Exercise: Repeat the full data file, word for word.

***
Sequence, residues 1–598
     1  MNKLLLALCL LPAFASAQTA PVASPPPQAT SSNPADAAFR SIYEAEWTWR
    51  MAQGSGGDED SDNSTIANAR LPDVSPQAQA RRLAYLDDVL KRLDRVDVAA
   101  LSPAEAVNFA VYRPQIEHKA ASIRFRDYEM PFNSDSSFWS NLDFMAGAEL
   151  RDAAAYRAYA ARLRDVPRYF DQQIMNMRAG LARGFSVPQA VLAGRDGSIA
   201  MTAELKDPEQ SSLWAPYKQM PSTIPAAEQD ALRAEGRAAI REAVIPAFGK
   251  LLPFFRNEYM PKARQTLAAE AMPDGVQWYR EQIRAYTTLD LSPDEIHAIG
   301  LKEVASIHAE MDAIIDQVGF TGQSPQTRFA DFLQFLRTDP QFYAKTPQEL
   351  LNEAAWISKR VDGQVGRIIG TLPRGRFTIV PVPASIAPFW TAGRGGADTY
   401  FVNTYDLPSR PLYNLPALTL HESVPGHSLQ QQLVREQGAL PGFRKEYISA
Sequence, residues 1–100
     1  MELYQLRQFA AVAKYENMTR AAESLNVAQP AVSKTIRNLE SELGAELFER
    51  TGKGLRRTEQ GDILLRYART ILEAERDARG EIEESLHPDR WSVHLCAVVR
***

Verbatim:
Sequence, residues 1–598
     1  MNKLLLALCL LPAFASAQTA PVASPPPQAT SSNPADAAFR SIYEAEWTWR
    51  MAQGSGGDED SDNSTIANAR LPDVSPQAQA RRLAYLDDVL KRLDRVDVAA
   101  LSPAEAVNFA VYRPQIEHKA ASIRFRDYEM PFNSDSSFWS NLDFMAGAEL
   151  RDAAAYRAYA ARLRDVPRYF DQQIMNMRAG LARGFSVPQA VLAGRDGSIA
   201  MTAELKDPEQ SSLWAPYKQM PSTIPAAEQD ALRAEGRAAI REAVIPAFGK
   251  LLPFFRNEYM PKARQTLAAE AMPDGVQWYR EQIRAYTTLD LSPDEIHAIG
   301  LKEVASIHAE MDAIIDQVGF TGQSPQTRFA DFLQFLRTDP QFYAKTPQEL
   351  LNEAAWISKR VDGQVGRIIG TLPRGRFTIV PVPASIAPFW TAGRGGADTY
   401  FVNTYDLPSR PLYNLPALTL HESVPGHSLQ QQLVREQGAL PGFRKEYISA
Sequence, residues 1–100
     1  MELYQLRQFA AVAKYENMTR AAESLNVAQP AVSKTIRNLE SELGAELFER
    51  TGKGLRRTEQ GDILLRYART ILEAERDARG EIEESLHPDR WSVHLCAVVR